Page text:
The Use and Abuse of Art

Front Cover
Princeton University Press, 1975 - Art - 150 pages
9 Reviews
Barzun, a professor of history at Columbia University, examines art as religion, as destroyer, as redeemer, and in relation to what he calls "its tempter, science". Developed from his lecture series at the National Gallery, this title explores art's value and its drawbacks for life.
  

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Review: The Use and Abuse of Art

User Review  - Sarah Dawn - Goodreads

Really compelling and convincing Read full review

Review: The Use and Abuse of Art

User Review  - Sarah Dawn - Goodreads

Really compelling and convincing Read full review

Contents

Why Art Must Be Challenged
3
The Rise of Art as Religion
24
Art the Destroyer
47
Art the Redeemer
73
Art and Its Tempter Science
97
Art in the Vacuum of Belief
123
Copyright

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References to this book

What Good are the Arts?
John Carey
Limited preview - 2006
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About the author (1975)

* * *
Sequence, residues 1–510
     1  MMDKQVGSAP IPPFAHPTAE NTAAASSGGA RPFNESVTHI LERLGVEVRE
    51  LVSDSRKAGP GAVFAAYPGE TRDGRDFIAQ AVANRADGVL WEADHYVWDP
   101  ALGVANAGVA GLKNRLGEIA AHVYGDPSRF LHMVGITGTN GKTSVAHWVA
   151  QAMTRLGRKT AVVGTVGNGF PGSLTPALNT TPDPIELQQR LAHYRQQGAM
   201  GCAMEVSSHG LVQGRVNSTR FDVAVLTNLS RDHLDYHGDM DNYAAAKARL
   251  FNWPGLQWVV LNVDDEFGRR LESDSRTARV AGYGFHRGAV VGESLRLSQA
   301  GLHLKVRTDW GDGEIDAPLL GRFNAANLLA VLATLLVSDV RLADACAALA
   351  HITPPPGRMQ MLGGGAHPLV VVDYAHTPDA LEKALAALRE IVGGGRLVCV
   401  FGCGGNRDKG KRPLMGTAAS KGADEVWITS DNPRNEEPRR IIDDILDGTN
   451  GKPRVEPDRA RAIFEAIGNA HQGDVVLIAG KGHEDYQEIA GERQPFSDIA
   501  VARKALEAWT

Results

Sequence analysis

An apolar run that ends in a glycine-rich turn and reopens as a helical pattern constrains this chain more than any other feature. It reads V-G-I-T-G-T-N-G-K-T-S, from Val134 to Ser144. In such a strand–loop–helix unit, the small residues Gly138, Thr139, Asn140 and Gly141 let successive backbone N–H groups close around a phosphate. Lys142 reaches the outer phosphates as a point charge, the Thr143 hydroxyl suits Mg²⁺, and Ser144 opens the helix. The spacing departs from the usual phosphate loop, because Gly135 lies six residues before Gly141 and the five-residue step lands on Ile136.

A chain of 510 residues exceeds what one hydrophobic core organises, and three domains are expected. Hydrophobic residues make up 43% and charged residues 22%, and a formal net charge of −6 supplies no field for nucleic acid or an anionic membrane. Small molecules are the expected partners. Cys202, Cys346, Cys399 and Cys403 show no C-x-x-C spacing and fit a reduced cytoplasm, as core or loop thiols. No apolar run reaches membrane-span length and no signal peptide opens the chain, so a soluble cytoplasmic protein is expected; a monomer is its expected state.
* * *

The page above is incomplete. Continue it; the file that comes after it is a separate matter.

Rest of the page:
Jacques Barzun was born in Créteil, France on November 30, 1907. He came to the United States in 1920 and graduated magna cum laude from Columbia University in 1927. Following graduation, he joined Columbia's faculty as an instructor while continuing his studies in graduate school there, receiving a master's degree in 1928 and a doctorate in French history in 1932. He became a full professor in 1945, was dean of graduate faculties from 1955 to 1958, and dean of faculties from 1958 to 1967. He retired from Columbia University in 1975. He was a historian and cultural critic. The core of his work was the importance of studying history to understand the present and a fundamental respect for intellect. Although he wrote on subjects as diverse as detective fiction and baseball, he was especially known for his many books on music, nineteenth-century romanticism and education. His works include Darwin, Marx and Wagner: Critique of a Heritage; Romanticism and the Modern Ego; The House of Intellect; Race: A Study in Superstition; Simple and Direct: A Rhetoric for Writers; A Stroll with William James; The Culture We Deserve; and From Dawn to Decadence. He died on October 25, 2012 at the age of 104.

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